Tracy Meyer, an Air Force veteran and mom of three, knew all about dedicated service and had a time-tested heart for people when she decided to start college in Alaska. She was a single mom with young kids when she enrolled in her first classes at Kodiak College, hoping that her skills would transfer to the medical assisting field. A decade of professional success post-college, including recent accolades as the Alaska VA Healthcare System Certified Medical Assistant (CMA) of the Year, as well as CMA of the Year for the entire Northwest region (Alaska, Oregon, Washington and Idaho), seems to indicate she made a smart choice.
“I’d always wanted to be on the medical side of the house,” Tracy says of her decision to start the medical assisting program. She’d spent a decade working more administrative roles in supply at McChord Air Force Base in Washington as well as serving in Saudi Arabia. She enjoys the fact that her career path helped her circle back to a job working with veterans.
While she was in school, she did her own homework side by side with her kids and developed a firm no-excuses-for-unfinished-homework rule for the household. If someone was hemming and hawing about no time to complete their work, she’d say, “Well, I’m going to be up until midnight finishing my work. Guess you’ll stay up with me and finish your essay.”
Watching their mom work hard in school left a lasting impression on Tracy’s kids. “It was good inspiration for them,” she says. Her kids, two boys now aged 23 and 19 and her daughter, 14, were proud when their mom accepted her college diploma 11 years ago.
Tracy has spent the last nine-and-a-half years working at the VA, developing relationships with long-term patients, which suits her well. “I wanted to work at a place where I could say, ‘Oh, Mr. Smith, how’re your knees doing today? How’s your wife doing?’ More of a personable connection where my patients could trust me.”
“I’m inspired every day,” Tracy says. She appreciates the flexibility her degree and skills afford her. At the VA, she takes on new challenges whenever they are offered. She currently works in a growing field: telemedicine. Teledermatology, to be specific.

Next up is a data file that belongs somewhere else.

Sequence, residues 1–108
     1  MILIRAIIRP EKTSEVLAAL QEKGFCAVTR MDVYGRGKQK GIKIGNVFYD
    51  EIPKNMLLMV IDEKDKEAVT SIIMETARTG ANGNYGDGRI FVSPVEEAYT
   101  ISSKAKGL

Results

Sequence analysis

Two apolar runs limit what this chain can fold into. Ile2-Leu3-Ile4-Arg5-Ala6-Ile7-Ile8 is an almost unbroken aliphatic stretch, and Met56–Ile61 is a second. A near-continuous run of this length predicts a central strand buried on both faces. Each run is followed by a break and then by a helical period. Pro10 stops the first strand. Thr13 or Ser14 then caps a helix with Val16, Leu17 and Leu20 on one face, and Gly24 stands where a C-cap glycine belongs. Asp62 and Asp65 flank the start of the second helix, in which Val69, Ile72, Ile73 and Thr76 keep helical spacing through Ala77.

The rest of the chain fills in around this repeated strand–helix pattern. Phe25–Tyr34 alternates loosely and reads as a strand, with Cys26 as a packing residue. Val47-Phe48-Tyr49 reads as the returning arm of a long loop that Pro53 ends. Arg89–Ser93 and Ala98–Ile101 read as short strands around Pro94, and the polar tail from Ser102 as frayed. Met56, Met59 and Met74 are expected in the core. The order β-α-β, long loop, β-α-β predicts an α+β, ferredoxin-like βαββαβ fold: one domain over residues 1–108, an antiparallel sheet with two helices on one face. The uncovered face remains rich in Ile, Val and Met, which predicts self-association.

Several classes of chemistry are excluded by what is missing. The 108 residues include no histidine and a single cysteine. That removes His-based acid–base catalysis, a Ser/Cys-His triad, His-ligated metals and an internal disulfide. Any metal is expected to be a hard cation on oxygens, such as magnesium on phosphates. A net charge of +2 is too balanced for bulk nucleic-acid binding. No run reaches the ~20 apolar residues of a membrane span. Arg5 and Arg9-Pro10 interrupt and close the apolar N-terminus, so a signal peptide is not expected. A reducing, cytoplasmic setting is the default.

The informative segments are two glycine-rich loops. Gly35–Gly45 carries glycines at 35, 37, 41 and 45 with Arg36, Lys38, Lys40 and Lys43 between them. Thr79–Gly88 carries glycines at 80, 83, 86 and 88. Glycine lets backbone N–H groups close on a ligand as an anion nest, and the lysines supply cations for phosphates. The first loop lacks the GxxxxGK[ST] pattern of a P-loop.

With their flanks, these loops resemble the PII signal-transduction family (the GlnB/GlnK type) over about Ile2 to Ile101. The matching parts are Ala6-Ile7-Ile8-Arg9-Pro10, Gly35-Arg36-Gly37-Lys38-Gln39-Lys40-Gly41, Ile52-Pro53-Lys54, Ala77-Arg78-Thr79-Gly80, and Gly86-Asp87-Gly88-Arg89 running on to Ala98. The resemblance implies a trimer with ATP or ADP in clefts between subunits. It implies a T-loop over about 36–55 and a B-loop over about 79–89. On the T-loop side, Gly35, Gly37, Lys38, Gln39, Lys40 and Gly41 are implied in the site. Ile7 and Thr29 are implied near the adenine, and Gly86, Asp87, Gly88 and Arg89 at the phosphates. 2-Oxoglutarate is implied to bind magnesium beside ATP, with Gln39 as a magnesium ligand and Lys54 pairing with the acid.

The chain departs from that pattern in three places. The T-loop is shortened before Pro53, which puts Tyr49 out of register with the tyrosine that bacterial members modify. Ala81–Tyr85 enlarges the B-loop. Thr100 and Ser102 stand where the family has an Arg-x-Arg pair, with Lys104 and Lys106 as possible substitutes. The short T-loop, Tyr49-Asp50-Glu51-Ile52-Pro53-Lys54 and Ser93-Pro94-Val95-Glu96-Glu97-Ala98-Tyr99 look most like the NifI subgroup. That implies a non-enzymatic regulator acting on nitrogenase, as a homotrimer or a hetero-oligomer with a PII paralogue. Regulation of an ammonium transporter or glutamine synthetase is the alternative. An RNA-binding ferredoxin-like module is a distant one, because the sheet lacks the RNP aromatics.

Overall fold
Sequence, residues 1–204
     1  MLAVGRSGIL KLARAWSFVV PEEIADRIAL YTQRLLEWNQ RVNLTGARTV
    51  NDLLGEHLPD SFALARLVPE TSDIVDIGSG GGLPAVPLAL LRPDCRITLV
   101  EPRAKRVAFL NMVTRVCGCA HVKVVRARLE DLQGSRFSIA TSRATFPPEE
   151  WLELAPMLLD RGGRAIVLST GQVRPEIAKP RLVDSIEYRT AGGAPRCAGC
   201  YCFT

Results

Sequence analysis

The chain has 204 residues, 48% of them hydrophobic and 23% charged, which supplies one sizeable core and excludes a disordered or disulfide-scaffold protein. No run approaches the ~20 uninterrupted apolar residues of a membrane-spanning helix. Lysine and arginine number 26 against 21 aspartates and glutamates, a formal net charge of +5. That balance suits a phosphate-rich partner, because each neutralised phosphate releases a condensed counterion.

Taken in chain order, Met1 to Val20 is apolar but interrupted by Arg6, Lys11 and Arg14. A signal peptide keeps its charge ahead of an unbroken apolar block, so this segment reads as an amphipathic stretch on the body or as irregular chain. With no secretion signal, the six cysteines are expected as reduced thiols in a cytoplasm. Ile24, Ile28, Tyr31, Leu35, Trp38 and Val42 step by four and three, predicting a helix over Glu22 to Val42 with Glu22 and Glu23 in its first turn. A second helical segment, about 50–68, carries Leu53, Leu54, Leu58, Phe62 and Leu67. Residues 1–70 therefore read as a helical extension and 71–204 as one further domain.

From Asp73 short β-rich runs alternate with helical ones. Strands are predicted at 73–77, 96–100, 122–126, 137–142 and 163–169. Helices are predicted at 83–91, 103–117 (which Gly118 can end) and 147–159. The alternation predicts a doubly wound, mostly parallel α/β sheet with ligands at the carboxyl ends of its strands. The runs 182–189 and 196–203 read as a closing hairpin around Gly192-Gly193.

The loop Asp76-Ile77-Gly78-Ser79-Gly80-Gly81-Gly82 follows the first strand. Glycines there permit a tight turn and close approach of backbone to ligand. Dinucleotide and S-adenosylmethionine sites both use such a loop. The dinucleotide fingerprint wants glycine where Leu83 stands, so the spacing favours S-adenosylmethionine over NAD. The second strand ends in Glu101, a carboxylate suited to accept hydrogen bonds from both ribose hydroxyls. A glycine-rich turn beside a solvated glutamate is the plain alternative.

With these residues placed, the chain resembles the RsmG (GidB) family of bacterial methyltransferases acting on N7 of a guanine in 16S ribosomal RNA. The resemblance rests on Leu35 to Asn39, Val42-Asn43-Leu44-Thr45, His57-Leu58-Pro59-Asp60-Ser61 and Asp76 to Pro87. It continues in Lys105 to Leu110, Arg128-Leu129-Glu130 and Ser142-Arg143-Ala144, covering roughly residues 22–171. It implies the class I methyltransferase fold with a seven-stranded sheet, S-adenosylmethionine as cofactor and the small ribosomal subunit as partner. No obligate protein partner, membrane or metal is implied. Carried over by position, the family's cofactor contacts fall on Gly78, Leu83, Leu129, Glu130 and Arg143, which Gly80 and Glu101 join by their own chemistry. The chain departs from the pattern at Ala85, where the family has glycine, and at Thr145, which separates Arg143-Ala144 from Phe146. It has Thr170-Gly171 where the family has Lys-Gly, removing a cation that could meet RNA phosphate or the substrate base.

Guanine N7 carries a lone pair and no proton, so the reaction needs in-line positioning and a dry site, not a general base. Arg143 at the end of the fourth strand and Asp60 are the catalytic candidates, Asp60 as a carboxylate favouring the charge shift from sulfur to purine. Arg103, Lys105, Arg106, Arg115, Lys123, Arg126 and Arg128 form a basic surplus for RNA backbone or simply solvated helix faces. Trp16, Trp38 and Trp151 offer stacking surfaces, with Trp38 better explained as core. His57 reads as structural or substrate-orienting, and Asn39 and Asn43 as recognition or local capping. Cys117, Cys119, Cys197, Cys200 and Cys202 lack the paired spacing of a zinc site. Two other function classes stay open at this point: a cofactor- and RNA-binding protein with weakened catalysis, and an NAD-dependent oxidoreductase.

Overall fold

Because Alaska’s VA doesn’t have a dermatologist on staff, they have developed a teledermatology program with doctors in Seattle. Tracy is tasked with being the first point of contact for patients in need of dermatological services, interviewing them and relaying a full report as well as images to the docs in Washington.
Tracy also plays an important role for the next generation of health care workers in Alaska. She’s been working as a preceptor for medical assisting and nursing students from UAA, Charter College and other programs, guiding them through the everyday reality of working in their field.
When she isn’t busy with work, Tracy enjoys extending Alaska’s short-ish growing season in her greenhouse, planting flowers and making her own hanging baskets. She also likes to travel with her husband of three-and-a-half years, Daniel.
“I’d like to get more into teaching,” she says, when asked about plans for her professional future. She believes the skills she’s worked hard to develop, both in school and in the work force, make her a great trainer. And she always keeps an eye out for single parents working their way through college, ready to share the wisdom of her own experience. One motto that always felt relevant and got her from A to B: “If you can’t climb over that mountain, just go around it.”
“I’m happy being a medical assistant. At work I’m the go-to person—I either know the answer, or know who to ask,” says Tracy. Her patients are in good hands and appreciate her competent care and the listening ear they get each time they cross paths with this UAA School of Allied Health alum.